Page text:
raised bed. Hi there garden groupies, Yvonne Scott, AmericorpsVISTA, from Wolfe County Grow Appalachia. It’s been an interesting week for me, having the opportunity to get out with some of our families as a group. One of our families lives directly across from the Extension Office and has a large garden. It was the ideal location to demonstrate some of the soil management techniques we talked about in my presentation “The Real Dirt on Soil.”
Like many gardeners, my families are not accustomed to the idea that there is a much richer and more abundant life form below ground than above ground. Teaching them the importance of mycorrhizae fungi and beneficial bacteria and other microbes plus explaining the way plants really get their nutrition and water was eye-opening. Needing to take the eye-opening to a higher level, our group headed across the street to build something unusual (for them at least): raised rows. Once we got the fabric weed barrier on, we got one tomato planted to show how to cut the fabric in an X or H, lay the tomato in a shallow trench (with some crushed eggshells) and then mulch around it.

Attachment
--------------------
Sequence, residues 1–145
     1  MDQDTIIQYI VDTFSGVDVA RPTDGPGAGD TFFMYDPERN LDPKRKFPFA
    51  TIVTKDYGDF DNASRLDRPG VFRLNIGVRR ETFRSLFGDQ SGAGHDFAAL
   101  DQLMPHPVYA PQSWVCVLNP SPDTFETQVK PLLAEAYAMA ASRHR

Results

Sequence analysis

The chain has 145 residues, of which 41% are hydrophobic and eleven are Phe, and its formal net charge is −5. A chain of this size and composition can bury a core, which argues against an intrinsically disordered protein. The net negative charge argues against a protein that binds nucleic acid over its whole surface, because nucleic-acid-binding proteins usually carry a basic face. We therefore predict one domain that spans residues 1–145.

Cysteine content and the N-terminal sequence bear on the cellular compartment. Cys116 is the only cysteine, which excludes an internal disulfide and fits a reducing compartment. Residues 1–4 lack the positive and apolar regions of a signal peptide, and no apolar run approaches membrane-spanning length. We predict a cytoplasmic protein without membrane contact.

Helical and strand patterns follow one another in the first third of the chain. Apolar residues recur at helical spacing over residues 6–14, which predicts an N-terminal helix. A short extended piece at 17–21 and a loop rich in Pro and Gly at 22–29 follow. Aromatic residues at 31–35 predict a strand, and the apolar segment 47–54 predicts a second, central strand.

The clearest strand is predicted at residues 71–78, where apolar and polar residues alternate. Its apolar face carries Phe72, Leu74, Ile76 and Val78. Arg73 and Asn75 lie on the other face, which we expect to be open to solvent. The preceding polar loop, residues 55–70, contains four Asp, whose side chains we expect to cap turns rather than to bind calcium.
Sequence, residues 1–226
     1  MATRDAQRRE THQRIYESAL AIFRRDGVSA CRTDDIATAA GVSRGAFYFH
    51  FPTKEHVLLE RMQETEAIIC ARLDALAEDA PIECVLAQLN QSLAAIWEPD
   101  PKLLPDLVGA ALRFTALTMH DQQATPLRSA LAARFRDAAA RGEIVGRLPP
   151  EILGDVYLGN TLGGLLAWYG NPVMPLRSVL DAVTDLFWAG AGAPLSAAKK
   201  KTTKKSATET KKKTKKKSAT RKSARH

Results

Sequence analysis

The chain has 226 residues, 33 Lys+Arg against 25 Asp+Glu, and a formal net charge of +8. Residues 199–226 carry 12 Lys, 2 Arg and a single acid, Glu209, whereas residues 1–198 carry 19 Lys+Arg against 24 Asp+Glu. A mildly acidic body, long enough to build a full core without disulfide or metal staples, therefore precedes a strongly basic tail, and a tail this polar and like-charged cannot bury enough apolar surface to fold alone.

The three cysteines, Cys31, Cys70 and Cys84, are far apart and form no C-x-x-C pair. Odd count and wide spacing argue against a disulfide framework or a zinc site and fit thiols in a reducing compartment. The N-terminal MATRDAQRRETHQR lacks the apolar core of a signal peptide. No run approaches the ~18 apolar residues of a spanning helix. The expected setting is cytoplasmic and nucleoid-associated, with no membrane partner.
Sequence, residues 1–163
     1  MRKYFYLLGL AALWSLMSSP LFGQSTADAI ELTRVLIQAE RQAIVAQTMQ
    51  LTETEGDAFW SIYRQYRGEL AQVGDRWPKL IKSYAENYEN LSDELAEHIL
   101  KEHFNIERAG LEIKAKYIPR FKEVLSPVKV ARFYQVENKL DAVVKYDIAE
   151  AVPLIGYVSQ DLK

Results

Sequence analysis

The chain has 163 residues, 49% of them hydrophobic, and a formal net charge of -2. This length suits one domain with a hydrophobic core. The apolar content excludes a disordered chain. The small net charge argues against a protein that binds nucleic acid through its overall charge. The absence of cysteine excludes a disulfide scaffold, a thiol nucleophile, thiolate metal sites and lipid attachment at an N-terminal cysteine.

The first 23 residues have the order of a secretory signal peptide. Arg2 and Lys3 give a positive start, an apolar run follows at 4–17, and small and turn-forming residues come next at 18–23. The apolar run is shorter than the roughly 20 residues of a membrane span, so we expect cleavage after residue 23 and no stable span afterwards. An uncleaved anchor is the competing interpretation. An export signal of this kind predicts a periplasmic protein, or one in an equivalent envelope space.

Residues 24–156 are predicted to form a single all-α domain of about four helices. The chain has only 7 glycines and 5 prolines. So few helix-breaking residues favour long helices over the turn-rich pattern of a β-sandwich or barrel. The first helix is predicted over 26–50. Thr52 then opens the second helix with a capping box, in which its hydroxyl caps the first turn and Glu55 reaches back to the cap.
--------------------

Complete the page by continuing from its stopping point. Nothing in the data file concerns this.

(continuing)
There were lots and lots of questions as to why we do this. None of my families had used raised rows before and didn’t understand it’s benefits. Our hostess reminded us of the heavy clay soil in her garden and the possibility that her low-lying garden may flood from time to time so I asked: will raised beds be helpful in either of those situations? My heart went pitter pat when hands went up. No clay soil in the raised row to contend with and raising up the bed will keep it out of the standing water and help it stay dryer. YES! They can see why this is beneficial. Plus the cardboard covered footpath idea with wood mulch to inhibit weeds was a big selling point. Cardboard is free and so are wood chips from the road right of way work. I like cheap to free!
I love raised rows and one of our families is getting a couple of raised beds, inexpensive to build but functional I hope for the entire year. With the assistance of my new helper, Garrett, we were able to fill one of the beds before the rain started. Great timing on the part of Mother Nature.
Nearly finished with one. We’ll be back on Monday to fill the second one and bring tomato plants and peppers for these beds. It’s very satisfying to have the funds to create a growing space where it was impossible to garden otherwise. Can’t wait to see plants filling these boxes very soon.